A great man is one who collects knowledge the way a bee collects honey and uses it to help people overcome the difficulties they endure - hunger, ignorance and disease!
- Nikola Tesla

Remember, remember always, that all of us, and you and I especially, are descended from immigrants and revolutionists.
- Franklin Roosevelt

While their territory has been devastated and their homes despoiled, the spirit of the Serbian people has not been broken.
- Woodrow Wilson

Milena Pavlović-Barili

Milena Pavlović-Barili (alt. Barilli) (Serbian Cyrillic: Милена Павловић-Барили) (November 5, 1909, Požarevac, Serbia – March 6, 1945, New York City, New York, United States of America) was a Serbian painter and poet.

Her Italian father Bruno Barilli was an influential composer, her Serbian mother, a distant relative of the Karađorđević dynasty, studied art. Milena herself studied at the Royal school of arts in Belgrade, Serbia (1922–1926) and in Munich (1926–1928).

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In the early 1930s she left Serbia and returned only for brief visits until the outbreak of World War II. During her stays in Spain, Rome, Paris and London, where she socialised with Jean Cocteau and André Breton, she was influenced by many western schools and artists, notably Giorgio de Chirico. After 1939 she stayed in New York only, where she died in a horse riding accident in 1945.

The topics of her work varied from portraits to imaginative interpretations of biblical stories. The motifs often included dream-like situations, veils, angels, statues of Venus goddess, and Harlequins. Many of her works are parts of permanent exhibitions in Rome, New York, Museum of Contemporary Art (Belgrade), and her hometown of Požarevac, where the house in which she was born has been converted into a museum in her honor.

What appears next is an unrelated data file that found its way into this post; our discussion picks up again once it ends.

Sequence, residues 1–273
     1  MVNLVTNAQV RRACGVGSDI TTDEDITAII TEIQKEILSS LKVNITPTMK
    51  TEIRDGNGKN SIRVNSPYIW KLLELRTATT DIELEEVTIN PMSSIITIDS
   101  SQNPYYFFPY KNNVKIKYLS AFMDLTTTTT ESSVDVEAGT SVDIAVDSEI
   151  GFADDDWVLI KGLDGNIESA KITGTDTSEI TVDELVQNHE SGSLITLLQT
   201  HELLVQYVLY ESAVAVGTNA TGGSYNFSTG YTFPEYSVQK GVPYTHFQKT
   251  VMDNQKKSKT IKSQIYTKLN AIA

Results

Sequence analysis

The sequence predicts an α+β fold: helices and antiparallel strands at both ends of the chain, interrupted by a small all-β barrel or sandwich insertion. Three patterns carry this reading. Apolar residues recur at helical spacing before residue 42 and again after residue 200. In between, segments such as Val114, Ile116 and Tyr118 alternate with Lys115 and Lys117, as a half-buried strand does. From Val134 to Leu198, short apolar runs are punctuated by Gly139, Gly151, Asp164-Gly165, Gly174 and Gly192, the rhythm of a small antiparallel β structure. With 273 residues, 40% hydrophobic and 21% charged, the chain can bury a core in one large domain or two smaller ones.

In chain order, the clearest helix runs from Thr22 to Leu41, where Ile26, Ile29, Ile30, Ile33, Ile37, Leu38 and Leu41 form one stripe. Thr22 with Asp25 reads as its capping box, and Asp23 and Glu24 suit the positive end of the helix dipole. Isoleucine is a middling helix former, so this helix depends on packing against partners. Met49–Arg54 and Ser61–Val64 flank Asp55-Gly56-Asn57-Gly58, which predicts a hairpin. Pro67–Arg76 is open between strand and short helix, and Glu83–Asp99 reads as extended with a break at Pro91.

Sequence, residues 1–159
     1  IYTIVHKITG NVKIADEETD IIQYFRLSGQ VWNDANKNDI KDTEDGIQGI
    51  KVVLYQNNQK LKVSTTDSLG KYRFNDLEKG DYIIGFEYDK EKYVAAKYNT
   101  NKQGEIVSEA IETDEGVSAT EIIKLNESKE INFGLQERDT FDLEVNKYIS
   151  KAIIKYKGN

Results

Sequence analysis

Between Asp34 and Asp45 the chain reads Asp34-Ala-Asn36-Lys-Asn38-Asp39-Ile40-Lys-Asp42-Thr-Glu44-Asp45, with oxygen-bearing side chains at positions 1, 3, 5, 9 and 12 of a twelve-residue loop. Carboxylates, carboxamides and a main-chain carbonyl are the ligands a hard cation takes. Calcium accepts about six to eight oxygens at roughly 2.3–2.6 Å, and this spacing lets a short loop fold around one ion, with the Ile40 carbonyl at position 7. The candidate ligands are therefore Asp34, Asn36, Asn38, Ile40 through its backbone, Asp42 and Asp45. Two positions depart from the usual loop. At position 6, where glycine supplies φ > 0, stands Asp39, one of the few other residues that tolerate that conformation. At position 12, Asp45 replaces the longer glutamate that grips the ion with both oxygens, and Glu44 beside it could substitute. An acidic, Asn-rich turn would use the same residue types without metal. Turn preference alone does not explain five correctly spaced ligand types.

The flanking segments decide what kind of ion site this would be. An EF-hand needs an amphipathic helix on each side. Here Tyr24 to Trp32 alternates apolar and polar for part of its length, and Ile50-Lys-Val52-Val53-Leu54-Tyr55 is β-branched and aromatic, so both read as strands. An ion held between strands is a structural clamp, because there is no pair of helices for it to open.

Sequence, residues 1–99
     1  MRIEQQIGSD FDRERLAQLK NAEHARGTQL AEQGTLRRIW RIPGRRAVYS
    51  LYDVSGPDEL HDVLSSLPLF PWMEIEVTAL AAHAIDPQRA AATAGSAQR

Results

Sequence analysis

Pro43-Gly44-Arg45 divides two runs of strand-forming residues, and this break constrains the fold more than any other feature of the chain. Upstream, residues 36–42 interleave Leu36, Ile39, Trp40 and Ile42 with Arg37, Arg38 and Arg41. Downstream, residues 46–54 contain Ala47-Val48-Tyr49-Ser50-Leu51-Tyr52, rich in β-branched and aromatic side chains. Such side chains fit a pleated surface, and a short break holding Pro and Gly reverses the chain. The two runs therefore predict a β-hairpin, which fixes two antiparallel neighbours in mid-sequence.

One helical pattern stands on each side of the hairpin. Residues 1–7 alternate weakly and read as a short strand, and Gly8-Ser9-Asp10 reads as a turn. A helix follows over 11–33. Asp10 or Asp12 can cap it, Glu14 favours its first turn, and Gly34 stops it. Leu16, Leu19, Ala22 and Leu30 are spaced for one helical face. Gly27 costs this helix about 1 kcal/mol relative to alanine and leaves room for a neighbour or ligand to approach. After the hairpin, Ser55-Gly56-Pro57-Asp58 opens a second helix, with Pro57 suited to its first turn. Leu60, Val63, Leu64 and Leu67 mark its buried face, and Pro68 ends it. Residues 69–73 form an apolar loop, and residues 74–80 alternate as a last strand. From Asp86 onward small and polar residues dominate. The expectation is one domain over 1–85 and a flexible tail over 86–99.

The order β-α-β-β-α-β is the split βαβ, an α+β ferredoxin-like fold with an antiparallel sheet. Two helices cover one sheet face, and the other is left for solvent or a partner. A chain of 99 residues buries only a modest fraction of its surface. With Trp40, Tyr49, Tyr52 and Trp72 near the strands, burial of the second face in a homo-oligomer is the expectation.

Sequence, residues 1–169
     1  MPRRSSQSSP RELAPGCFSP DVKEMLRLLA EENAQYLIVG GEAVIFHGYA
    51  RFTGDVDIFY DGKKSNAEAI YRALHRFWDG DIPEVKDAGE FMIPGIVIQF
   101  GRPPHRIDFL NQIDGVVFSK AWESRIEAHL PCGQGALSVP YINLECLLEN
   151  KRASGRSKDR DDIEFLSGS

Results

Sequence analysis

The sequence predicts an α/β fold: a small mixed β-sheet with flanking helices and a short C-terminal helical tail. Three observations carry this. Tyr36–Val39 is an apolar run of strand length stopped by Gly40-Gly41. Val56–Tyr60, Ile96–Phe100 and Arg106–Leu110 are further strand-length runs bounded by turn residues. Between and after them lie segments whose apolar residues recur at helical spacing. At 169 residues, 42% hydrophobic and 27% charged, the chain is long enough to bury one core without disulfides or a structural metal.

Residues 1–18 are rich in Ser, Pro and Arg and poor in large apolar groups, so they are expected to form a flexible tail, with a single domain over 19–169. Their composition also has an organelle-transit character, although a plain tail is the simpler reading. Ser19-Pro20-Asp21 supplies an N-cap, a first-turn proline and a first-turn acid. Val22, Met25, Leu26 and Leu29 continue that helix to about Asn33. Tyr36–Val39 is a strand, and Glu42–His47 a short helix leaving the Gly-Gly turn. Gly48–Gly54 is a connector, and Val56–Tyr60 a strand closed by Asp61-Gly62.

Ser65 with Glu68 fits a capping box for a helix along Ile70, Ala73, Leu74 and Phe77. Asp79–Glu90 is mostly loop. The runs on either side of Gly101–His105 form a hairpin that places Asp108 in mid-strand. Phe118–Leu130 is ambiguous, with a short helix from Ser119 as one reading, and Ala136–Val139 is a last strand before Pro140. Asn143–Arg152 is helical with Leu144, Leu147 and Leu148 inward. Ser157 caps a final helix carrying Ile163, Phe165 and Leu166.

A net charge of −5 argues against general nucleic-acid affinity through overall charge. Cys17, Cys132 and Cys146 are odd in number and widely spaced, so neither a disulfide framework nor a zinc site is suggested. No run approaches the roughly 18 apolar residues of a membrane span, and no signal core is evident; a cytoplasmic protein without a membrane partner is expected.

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Father Philip Sredanovich

The Odd Adventures of an Early Serbian Priest

Fr. Philip Sredanovich is one of the strangest parish priests I’ve ever run across in my research of Orthodoxy in America.

He was born in Montenegro in 1881. He seems to have been educated and married in Russia (the 1920 U.S. Census says that his wife was born in Russia). Fr. Philip came to America just after the turn of the 20th century. In 1908, he made headlines nationwide for his supposed invention of a device to travel around the earth without moving. From the Washington Post (12/11/1908):

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Publishing

Notes On Ecumenism

Written in 1972 by St. Abba Justin Popovich, edited by Bishop Athanasius Yevtich, translated from Serbian by Aleksandra Stojanovich, and proofread by Fr Miroljub Ruzich

Abba Justin’s manuscript legacy (on which Bishop Athanasius have been working for a couple of years preparing an edition of The Complete Works ), also includes a parcel of sheets/small sheets of paper (in the 1/4 A4 size) with the notes on Ecumenism (written in pencil and dating from the period when he was working on his book “The Orthodox Church and Ecumenism”; there are also references to the writings of St. Bishop Nikolai [Velimirovich], short excerpts copied from his Sermons, some of which were quoted in the book).

The editor presents the Notes authentically, as he has found them in the manuscripts (his words inserted in the text, as clarification, are put between the slashes /…/; all the footnotes are ours).—In the appendix are present the facsimiles of the majority of Abba’s Notes which were supposed to be included in his book On Ecumenism (written in haste then, but now significantly supplemented with these Notes. The Notes make evident the full extent of Justin’s profundity as a theologian and ecclesiologist of the authentic Orthodoxy).—The real Justin is present in these Notes: by his original language, style, literature, polemics, philosophy, theology, and above all by his confession of the God-man Christ and His Church. He confesses his faith, tradition, experience and his perspective on man, on the world and on Europe—invariably in the Church and from the Church, in the God-man Christ and from Him, just as he did in all of his writings and in his entire life and theologizing.